PHU QUOC, Vietnam, 13 February 2019: When guidebooks and bloggers tell us now is the best time to visit an island destination before it loses its natural beauty and charm it’s a strong hint that big business and brands have already staked their claims at beachside properties and the blight of “overtourism” is just around the corner.
Vietnam’s favourite island holiday spot is heading in that direction mainly due to the arrival of major foreign branded resorts that displace smaller local resorts that were more in tune with communities and the environment.
You have only to look at the Phu Quoc Tourism Map, courtesy of Google, to see the extent of the invasion and recognise the island is now a tourism hot spot.
Developers will say “not bad going” for an island that opened its airport just seven years ago. Today most of the island’s 20 beaches that dot the island’s 150 km coastline are sprouting internationally branded hotels all keen on making a fast buck, while Phu Quoc enjoys its day in the sun.
The lead island in a compact archipelago of 28 islands, Phu Quoc fits comfortably in a competitive set of island destinations such as Bali in Indonesia and Samui in Thailand.
Located at the southern tip of Vietnam on the Gulf of Thailand, there are some convincing reasons to head for Phu Quoc for a holiday break if you live in Asia.
The island’s entertainment scene might be quieter than Boracay in the Philippines, or Thailand’s Phuket, but it has strong appeal for families and couples looking for a more laid-back, chill-out destination.
You can stay on the island for 30 days without a visa as long as you don’t venture to mainland Vietnam.
For gamblers the island opened a casino last December, the first in Vietnam that allows the country’s citizens to gamble, although there are financial rules to limit their wagers.
Last year, the island opened what it proudly calls the world longest aerial cable car an attraction that appeals to families and groups from China, who are looking for sightseeing options other than reading a book under the shade of a beach umbrella.
Apart from sunning on the beaches and enjoying the luxury of internationally branded hotels, there are opportunities to explore smaller islands in the archipelago by ferry and with 50% of Phu Quoc hilly terrain covered in national parks there are numerous walking trails to explore.
At the far north of the island the 603 metre-high Mount Chua dominates the landscape, the start of a series of hilly ridges that decline in height as you head for the island’s southern tip.
Driving the travel boom are regional low-cost airlines that offer direct flights including low-cost Vietjet, due to start a four-weekly service from Hong Kong 19 April.
There are international flights from Kuala Lumpur, Singapore, Bangkok, Seoul, Korea, Guangzhou in China, Siem Reap in Cambodia and seasonal charter flights from Russia. Add to that cruise ships that stop for a day’s sightseeing on week-long cruises between Singapore and Hong Kong and the daily footfall of tourists at the popular beaches is steadily rising possibly reaching a critical level much earlier than previously anticipated.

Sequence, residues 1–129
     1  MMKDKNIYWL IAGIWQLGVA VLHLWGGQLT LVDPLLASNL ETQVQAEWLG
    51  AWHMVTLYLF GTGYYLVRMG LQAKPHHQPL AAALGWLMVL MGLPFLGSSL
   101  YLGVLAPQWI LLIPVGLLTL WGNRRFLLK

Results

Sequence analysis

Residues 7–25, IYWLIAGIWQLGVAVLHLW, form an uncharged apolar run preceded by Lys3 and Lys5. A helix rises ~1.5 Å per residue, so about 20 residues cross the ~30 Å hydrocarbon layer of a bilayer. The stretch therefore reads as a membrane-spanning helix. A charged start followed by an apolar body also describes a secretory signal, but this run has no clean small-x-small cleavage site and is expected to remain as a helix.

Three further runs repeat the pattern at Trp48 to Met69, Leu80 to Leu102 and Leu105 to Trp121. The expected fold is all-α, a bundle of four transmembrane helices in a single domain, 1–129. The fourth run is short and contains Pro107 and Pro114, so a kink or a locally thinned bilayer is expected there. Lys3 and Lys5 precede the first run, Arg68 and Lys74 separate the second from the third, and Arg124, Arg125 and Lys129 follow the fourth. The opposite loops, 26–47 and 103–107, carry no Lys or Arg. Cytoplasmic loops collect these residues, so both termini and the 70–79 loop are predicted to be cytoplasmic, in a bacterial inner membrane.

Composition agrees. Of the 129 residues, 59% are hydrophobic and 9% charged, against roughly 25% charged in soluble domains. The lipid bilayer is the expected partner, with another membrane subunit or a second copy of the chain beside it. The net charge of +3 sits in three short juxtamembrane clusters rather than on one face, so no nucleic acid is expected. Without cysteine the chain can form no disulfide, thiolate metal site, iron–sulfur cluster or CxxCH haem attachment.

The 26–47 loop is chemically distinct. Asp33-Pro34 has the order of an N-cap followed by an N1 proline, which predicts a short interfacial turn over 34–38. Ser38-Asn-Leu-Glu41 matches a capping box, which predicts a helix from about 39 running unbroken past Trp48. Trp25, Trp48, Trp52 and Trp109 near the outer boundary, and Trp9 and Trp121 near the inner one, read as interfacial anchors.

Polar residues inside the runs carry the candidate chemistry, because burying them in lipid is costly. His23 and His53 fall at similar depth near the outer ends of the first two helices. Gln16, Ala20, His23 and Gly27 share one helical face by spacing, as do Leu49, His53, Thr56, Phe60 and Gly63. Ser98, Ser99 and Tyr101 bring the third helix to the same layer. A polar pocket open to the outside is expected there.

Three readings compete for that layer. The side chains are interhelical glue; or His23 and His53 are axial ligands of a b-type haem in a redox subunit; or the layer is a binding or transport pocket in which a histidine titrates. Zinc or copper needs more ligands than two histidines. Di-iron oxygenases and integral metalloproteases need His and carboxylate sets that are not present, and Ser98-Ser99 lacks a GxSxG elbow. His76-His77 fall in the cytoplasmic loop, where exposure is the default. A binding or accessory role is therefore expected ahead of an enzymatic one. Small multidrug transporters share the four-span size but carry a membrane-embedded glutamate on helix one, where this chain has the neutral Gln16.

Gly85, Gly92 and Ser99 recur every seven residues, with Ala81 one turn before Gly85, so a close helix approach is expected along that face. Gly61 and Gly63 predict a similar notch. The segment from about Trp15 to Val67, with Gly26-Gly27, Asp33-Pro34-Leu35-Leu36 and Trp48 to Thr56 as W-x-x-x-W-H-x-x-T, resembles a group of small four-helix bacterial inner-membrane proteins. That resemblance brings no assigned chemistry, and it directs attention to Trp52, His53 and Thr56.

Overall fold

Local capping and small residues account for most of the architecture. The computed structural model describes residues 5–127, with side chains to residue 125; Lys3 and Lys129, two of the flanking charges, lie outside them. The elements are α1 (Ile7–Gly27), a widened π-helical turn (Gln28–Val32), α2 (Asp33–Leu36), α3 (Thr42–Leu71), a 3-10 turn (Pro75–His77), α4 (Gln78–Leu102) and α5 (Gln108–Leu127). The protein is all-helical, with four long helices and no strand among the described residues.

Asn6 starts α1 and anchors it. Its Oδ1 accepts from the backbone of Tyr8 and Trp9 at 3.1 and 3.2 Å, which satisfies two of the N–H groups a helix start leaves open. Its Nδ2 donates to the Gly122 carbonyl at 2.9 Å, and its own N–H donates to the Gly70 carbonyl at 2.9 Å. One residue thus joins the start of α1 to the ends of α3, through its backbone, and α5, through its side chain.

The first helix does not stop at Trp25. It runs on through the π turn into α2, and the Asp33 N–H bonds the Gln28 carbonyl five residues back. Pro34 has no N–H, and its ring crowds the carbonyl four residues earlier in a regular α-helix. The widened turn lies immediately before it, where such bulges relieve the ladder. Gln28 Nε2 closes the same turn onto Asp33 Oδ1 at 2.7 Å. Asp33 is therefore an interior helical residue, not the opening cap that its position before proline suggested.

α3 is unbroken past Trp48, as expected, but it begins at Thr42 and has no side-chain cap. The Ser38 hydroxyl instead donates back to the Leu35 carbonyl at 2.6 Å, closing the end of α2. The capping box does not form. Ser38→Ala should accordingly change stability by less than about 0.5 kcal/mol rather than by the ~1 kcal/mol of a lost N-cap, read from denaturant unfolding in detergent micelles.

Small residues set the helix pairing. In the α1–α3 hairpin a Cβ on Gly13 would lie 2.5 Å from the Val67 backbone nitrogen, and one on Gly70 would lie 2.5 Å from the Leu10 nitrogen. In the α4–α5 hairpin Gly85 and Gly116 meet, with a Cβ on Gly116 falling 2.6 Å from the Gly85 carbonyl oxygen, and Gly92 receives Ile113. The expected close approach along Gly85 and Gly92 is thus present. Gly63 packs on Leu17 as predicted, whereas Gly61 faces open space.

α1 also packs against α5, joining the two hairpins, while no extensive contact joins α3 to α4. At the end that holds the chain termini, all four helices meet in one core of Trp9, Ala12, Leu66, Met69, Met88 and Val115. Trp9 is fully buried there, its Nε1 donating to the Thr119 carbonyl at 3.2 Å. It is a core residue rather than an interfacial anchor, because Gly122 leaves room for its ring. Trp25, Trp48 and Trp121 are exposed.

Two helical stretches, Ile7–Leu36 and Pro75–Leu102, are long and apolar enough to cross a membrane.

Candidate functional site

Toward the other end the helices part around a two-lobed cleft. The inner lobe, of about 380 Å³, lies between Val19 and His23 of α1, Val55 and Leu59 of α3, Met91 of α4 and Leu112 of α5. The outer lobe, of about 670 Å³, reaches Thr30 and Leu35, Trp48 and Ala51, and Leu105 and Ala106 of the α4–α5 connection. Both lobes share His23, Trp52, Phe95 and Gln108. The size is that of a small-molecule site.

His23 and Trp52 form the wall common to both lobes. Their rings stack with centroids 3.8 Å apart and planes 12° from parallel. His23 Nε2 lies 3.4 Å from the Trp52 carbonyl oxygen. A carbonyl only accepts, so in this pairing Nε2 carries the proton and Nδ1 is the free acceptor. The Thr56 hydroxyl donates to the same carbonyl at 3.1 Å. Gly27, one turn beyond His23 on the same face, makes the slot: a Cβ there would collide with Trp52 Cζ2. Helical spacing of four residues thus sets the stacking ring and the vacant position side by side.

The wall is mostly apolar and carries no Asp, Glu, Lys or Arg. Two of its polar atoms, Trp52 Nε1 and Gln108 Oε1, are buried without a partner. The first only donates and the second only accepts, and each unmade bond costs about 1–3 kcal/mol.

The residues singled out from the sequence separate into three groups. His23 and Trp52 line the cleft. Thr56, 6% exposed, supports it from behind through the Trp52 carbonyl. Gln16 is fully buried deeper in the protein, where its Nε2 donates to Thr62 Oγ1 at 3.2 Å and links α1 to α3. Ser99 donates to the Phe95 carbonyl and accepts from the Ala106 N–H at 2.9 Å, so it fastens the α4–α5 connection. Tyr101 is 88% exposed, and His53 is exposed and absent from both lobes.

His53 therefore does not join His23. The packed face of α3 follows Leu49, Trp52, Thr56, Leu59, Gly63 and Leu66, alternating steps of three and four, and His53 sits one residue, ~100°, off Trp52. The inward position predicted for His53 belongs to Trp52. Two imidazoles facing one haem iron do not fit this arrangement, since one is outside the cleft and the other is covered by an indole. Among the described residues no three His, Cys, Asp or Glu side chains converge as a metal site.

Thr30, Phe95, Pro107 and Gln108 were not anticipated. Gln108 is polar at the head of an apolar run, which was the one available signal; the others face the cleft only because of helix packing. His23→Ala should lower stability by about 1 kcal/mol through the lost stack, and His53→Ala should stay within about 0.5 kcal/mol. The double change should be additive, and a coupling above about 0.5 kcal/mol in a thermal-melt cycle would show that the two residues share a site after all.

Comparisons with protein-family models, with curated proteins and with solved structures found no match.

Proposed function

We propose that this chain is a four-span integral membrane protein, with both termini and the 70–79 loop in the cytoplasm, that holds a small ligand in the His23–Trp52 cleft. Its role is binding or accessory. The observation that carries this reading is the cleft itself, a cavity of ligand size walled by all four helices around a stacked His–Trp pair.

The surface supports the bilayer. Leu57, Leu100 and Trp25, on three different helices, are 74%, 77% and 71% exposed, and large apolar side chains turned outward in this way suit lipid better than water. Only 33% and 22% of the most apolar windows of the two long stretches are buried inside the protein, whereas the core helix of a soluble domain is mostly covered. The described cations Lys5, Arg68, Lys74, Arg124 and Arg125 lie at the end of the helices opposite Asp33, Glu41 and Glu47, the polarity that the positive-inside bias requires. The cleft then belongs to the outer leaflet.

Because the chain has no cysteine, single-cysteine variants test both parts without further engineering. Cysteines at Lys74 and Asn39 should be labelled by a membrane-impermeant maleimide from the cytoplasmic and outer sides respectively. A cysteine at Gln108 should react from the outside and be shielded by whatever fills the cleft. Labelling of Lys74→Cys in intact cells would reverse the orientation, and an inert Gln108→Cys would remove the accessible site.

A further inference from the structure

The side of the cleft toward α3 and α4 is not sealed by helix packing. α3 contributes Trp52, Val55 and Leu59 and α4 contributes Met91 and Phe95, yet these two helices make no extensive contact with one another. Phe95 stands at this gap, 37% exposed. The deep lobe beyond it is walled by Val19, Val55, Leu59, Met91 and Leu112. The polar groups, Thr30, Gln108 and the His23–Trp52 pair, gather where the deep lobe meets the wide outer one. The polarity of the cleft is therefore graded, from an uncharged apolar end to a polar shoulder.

Even the government’s estimates that suggested the island would host 3 million visitors by 2030 appear to be a mite conservative these days. 2018 closed with around 2.5 million visits, up 25% on 2017.
Popularity is in part driven by positive endorsements by the likes of CNN that last September, named the island among the top five up-and-coming Asia Pacific destinations to visit.
According to CNN, for those planning their first trip to the Asia-Pacific region, major destinations that top the list, were Shanghai and Hong Kong (China), Tokyo (Japan) and Singapore, plus of course Phu Quoc.
“If you’re dreaming of a beach getaway in Asia, Phu Quoc in Vietnam should be a top contender,” CNN said.
But there are other voices that caution travellers. The highly respected Phu Quoc Island Guide recommends on its Facebook page that visitors should “not believe the marketing engine coming out of Phu Quoc from properties that are trying to sell you a false narrative.”
The online guide calls on visitors to the island to make a difference starting with avoiding all printed maps and guidebooks while on Phu Quoc Island.
“There is no recycling facility on the island,” the Facebook post stated. “All trash is burned, and guidebooks and maps are linked to child sex trafficking and sexpats.”
Travellers are told to support independent hotels owned and managed by locals to ensure revenue from tourism stays on the island, while the Facebook posts warn visitors not to be taken in by the “sustainability” story told be big branded hotels.
“Based on our historical experience any business operating on Phu Quoc Island that pushes the sustainability narrative should be avoided. (It’s) fake news,” the island’s top guide concluded.
(Source: Facebook posts Phu Quoc Island Guide)